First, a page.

Cruise Ship Travel
Cruise Ship Travel
Cruise Travel to La Romana
Ships enter the Casa de Campo International Tourist Port (Muelle Turïstico Internacional Casa de Campo). A group of folkloric dancers and local musicians, playing merengue, greets passengers as they come down the gangway. An information booth with English-speaking staffers is there to assist cruise-ship passengers; the desk is open the entire time the ship is in port.
It is a 15-minute walk into the town of La Romana, or you can jump into a waiting taxi. It's safe to stroll around town, but it's not particularly beautiful, quaint, or even historic; however, it is a real slice of Dominican life. Most people just board the complimentary shuttle and head for the Casa de Campo Marina and/or Altos de Chavón, both of which are within the Casa de Campo resort. Shuttles run all day long.
Taxis line up at the port's docks, and some, but not all, drivers speak English. Staff members from the information kiosk will help to make taxi arrangements. Most rates are fixed and spelled out on a board: $15 to Casa de Campo Marina, $20 to Altos de Chavón. You may be able to negotiate a somewhat lower rate if a group books a taxi for a tour. You can also rent a car at Casa de Campo from National Car Rental; rates are expensive, usually more than $70 a day. Driving into Santo Domingo can be a hair-raising experience, and isn't for the faint of heart, so we don't recommend it.
Cruise Travel to Samaná
Cruise ships dock at Embarcadero (name of dock) in Santa Bárbara de Samaná. Tenders will take you to one of three docks, on the Malecón, referred to as the Samaná Bay Piers. The farthest is a five-minute walk from the town center.
Renting a car, although possible, isn't a good option. Driving in the Dominican Republic can be a hectic and even harrowing experience; if you are in port one only day, don't risk it. You'll do better if you combine your resources with friends from the ship and share a taxi to do some independent exploring. Negotiate prices, and settle before getting in the taxi. To give you an idea of what to expect, a minivan that can take eight people will normally charge $90 for the round-trip to Las Terrenas, including a two-hour wait while you explore or enjoy the beach. Similarly, you'll pay $80 to travel to Las Galeras round trip. Many of the drivers speak some English. Within Samaná, rickshaws are far less costly and are also fun. Called motoconchos de carretas, they are not unlike larger versions of the Thai tuk-tuk, but can hold up to six people. The least you will pay is RD$10. They're fine for getting around town, but don't even think about going the distance with them.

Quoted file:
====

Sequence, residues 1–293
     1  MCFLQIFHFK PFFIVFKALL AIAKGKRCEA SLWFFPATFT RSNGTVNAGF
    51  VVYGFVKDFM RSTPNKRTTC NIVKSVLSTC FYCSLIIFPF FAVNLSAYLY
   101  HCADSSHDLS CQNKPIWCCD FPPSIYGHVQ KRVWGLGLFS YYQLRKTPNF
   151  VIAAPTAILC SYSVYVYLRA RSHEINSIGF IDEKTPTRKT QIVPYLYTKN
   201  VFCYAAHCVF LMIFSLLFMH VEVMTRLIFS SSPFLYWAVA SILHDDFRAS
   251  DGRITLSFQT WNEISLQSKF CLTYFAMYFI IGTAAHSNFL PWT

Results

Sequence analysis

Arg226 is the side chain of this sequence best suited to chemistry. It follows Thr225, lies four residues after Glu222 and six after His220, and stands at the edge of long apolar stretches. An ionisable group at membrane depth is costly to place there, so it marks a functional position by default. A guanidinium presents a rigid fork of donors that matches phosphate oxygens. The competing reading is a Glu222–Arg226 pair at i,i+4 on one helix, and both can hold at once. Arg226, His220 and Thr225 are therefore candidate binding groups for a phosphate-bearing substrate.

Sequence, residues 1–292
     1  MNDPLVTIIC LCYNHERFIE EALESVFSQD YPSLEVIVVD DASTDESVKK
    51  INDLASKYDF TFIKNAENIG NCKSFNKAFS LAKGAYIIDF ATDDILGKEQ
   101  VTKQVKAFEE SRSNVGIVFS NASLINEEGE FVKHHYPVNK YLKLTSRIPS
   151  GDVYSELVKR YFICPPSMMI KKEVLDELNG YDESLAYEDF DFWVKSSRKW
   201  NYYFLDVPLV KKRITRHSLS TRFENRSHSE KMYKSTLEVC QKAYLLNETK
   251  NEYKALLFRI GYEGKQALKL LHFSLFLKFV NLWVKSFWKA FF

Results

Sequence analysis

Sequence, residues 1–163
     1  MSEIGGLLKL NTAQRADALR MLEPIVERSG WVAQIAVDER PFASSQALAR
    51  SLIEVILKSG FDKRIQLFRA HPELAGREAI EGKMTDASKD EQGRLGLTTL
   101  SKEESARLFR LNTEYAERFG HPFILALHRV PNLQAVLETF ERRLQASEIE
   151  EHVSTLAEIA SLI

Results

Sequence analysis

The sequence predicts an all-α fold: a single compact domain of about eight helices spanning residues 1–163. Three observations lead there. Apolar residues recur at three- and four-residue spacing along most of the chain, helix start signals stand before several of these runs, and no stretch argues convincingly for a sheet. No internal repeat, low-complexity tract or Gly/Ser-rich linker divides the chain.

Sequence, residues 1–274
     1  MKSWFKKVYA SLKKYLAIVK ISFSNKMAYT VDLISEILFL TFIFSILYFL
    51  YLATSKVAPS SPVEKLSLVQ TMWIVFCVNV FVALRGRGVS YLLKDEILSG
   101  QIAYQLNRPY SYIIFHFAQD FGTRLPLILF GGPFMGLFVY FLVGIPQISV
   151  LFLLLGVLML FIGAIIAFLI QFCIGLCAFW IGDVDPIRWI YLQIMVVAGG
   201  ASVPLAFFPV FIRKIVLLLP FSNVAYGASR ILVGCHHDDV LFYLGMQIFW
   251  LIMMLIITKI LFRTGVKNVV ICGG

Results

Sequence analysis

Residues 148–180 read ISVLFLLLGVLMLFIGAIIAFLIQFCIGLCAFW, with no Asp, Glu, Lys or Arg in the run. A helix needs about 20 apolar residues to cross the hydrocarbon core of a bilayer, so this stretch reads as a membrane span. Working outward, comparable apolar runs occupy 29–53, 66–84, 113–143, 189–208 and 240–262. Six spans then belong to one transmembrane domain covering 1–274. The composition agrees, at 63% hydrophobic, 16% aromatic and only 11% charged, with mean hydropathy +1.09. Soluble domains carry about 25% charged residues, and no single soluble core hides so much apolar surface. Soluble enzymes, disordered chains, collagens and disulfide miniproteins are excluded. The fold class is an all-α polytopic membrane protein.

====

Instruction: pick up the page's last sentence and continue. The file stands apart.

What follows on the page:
Cruise Travel to Santo Domingo
Santo Domingo has two stellar cruise-ship terminals, and has become a growing port for cruise passengers, despite the sluggish economy.
The Don Diego Terminal is on the Ozuma River, facing the Avenida del Puerto, and across the street are steps that lead up to the main pedestrian shopping street of the Zona Colonial, Calle El Conde. A lovely yellow-and-white building, with stained-glass windows and faux gaslights, it has a small cafeteria, and potted palms soften the cordoned-off lines where passengers wait to have their tickets checked and go through immigration. The reception area has telephones, Internet access, and a currency exchange. Just down the dock is an ATM; in front of that is a counter where you can get cold drinks and snacks.
The Sans Souci Terminal complex, diagonally across the Ozama River from Don Diego Terminal, on Avenida España, has been operational since 2010, but this long-term redevelopment project is still a work in progress. Its mezzanine level accommodates immigration and customs, duty-free shops, and both Internet and information centers. Like the Port of Don Diego, it has stunning lighting systems that cover the exterior and perimeter areas for greater security and visibility for visitors. When completed, the complex will have finished its marina, and have a full complement of stores, a 122-acre real-estate development, a new sports arena, and more. This major project is aimed at integrating the port area and the Zona Colonial to create an appealing destination for cruisers, yachtsmen, and high-end tourists.
Airport Transfers for Cruise Passengers:
If you are embarking in Santo Domingo, you should fly into Las Américas International Airport (SDQ), about 15 miles (24 km) east of downtown. On arrival you will have to pay US$10 in cash for a tourist tax. Transportation into the city is usually by taxi; figure on $40 to or from hotels on the Malecón or in the Zona Colonial. You'll be greeted by a melee of hawking taxi drivers and sometimes their English-speaking solicitors (who expect to be tipped, as do the freelance porters who will undoubtedly scoop up your luggage). If you're spending a night or two in Santo Domingo before a cruise, you can arrange a driver through www.dominicanshuttles.com or possibly through your hotel, so that you'll be met with someone holding a sign with your name. (It's worth the extra $10 or so to avoid the hassle.) If you're going straight to your cruise ship, do consider taking the cruise line's prearranged transfer. When you disembark from your ship, expect long lines at check-in, and be sure to give yourself a full two hours for check-in and security. The government departure tax should be included in your airline ticket.